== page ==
Veterans' Administration hospitals, as readers may have heard, do not have the greatest track record in terms of preventing medical errors. To be sure, medical errors can and do occur from time to time at every hospital, even in the absence of negligence. However, hospitals should continually be working on reducing preventable errors, since these can have a significant impact on the quality of care for patients and shouldn't be occurring in the first place.
In our last post, we mentioned a recent study which highlighted the benefit of returning to the facility that performed a surgical operation when post-op complications arise. As we mentioned, it is important for any patient who experiences serious complications after an operation to consider whether the providers who performed the operation did so in accordance with accepted standards of care.
In our last post, we began speaking about the risks associated with the Fentanyl spray Subsys and the fact that it is often prescribed for off-label uses, some of which are actually contraindicated by the manufacturer. Because of the toxicity of the drug, as well as the risk of addiction and overdose, there is a very tight system of control around the drug.
Physicians have a big responsibility when it comes to the promotion and prescription of medications for the benefit of their patients. Because of the way medical care is delivered, patients rely on their doctors to recommend the most beneficial course of treatment, without reference to personal gain. Unfortunately, the system doesn't always work that way.
A federal database designed to help Americans better track the performance of physicians contains so many accuracies that it cannot be considered reliable. The database, which is run by the federal Centers for Medicine for Medicare & Medicaid Services, is supposed to track physician performance by a 10-digit number assigned by the government, but in many cases, those numbers are wrong, making it impossible for patients to research a physician’s performance history.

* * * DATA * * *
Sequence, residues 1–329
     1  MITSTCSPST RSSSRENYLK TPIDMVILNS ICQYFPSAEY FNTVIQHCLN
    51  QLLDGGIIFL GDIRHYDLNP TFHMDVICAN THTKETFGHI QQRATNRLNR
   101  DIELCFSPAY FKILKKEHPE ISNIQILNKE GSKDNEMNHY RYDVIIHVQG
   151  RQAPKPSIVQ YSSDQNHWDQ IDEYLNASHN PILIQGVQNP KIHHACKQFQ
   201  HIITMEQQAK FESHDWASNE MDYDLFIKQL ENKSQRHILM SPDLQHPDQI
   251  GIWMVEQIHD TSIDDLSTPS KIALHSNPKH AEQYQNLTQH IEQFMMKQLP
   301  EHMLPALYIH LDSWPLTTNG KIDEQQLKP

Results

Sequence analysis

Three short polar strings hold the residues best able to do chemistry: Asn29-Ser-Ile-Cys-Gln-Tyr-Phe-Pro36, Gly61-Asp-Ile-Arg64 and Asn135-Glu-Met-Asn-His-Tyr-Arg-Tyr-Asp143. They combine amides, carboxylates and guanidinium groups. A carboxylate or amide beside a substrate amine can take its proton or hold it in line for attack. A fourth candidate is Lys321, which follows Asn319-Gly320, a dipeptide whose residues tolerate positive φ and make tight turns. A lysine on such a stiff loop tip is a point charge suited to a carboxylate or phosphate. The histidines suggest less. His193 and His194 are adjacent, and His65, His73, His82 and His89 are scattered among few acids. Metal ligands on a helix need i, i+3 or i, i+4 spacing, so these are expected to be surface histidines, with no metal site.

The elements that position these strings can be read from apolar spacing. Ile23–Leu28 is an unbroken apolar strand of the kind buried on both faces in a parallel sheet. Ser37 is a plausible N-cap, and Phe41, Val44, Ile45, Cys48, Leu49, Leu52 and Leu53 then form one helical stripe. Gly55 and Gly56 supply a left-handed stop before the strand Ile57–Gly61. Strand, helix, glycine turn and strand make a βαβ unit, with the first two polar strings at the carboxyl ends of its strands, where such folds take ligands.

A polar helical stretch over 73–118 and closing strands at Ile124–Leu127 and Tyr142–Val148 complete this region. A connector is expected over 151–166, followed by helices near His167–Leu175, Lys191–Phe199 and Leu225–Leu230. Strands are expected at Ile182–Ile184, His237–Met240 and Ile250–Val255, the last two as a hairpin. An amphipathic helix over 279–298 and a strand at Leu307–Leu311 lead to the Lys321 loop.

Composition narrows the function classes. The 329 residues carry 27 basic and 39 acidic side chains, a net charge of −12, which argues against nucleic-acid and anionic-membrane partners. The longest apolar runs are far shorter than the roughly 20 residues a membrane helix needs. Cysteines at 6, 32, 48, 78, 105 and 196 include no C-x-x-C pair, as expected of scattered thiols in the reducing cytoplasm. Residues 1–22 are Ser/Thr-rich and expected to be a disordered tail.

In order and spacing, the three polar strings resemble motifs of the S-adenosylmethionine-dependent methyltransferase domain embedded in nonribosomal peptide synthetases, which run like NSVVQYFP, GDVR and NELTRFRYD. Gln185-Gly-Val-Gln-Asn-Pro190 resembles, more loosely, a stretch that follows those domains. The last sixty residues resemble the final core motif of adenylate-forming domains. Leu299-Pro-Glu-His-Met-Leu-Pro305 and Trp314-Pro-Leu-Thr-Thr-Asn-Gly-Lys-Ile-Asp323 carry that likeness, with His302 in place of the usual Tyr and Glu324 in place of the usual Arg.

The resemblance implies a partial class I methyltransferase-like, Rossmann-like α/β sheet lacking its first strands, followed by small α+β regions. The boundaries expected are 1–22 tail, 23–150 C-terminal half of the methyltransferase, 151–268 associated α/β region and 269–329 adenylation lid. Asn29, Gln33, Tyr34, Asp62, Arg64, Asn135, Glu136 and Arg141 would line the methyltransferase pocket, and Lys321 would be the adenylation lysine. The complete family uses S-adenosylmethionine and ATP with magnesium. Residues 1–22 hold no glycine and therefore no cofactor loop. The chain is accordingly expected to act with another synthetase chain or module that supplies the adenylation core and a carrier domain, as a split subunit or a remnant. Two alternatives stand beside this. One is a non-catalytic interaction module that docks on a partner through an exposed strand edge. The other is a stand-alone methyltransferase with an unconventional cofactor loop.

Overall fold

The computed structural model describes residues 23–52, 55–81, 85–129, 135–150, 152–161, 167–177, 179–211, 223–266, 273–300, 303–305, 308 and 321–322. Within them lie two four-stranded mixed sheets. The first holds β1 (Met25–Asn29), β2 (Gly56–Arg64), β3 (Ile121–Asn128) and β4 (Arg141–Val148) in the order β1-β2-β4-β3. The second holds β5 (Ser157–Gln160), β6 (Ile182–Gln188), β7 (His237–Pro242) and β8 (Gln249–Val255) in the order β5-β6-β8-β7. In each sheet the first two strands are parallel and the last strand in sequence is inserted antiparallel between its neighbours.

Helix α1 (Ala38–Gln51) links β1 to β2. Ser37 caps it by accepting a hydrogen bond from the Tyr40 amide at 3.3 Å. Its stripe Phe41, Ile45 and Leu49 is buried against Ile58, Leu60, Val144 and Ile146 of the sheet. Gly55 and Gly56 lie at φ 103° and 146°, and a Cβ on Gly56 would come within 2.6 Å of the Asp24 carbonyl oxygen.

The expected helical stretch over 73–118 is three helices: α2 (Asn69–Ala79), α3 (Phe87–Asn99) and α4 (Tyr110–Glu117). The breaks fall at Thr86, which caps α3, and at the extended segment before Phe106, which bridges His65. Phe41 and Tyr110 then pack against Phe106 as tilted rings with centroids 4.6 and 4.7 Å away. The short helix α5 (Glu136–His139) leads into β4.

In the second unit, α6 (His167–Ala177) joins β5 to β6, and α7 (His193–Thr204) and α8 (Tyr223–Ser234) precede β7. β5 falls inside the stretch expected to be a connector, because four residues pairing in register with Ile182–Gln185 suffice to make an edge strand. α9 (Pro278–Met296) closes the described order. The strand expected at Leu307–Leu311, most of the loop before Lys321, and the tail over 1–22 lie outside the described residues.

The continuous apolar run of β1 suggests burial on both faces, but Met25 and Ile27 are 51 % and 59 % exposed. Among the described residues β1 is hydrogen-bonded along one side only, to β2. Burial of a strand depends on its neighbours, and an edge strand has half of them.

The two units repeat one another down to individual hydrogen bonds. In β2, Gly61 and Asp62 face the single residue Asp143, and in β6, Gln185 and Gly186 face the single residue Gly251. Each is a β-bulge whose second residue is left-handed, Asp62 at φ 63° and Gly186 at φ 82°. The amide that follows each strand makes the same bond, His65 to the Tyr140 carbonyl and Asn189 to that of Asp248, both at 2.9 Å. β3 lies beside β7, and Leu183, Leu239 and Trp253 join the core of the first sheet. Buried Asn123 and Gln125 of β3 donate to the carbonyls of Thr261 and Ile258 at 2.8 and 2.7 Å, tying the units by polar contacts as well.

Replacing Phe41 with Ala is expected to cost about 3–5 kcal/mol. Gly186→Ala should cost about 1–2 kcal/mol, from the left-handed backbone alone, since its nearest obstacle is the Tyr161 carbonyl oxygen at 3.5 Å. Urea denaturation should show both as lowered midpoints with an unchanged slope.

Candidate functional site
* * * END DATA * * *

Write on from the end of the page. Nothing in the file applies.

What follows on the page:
Last time, we spoke about the conviction of former hematologist and oncologist Farid Fata in Michigan for defrauding patients. As we noted, Fata is facing potential civil liability for his misdeeds, but plaintiffs do face challenges in seeking relief from the disgraced doctor.
When we talk about medical malpractice on this blog and in general, we are very often speaking about decent doctors who, for one reason or another, had a lapse of judgment and made a mistake that ended up harming a patient. In some medical malpractice cases, a doctor may have a history of violations due to lack of skill or carelessness, but generally mean well toward his patients.
A recent article on the blog Health Affairs made an important point about the current situation with the health care system when it comes to dealing with medical errors: transparency can significantly improve the outcome of cases in which medical errors occur, even when those errors result in death, but transparency is not the norm, unfortunately.
Increasingly, health systems across the United States are moving toward an approach which aims to increase patients' involvement in their own care. The idea is that patients who take ownership of their treatment through deeper engagement can help improve their own quality of care and achieve better outcomes.
We've been talking about cancer screening in our last couple posts--the risks, the benefits, and the potential for doctors to make the mistake of failing to recommend cancer screening. The latter issue is an important one, of course, because doctors have a huge responsibility in ensuring that their patients receive a timely diagnosis and proper treatment.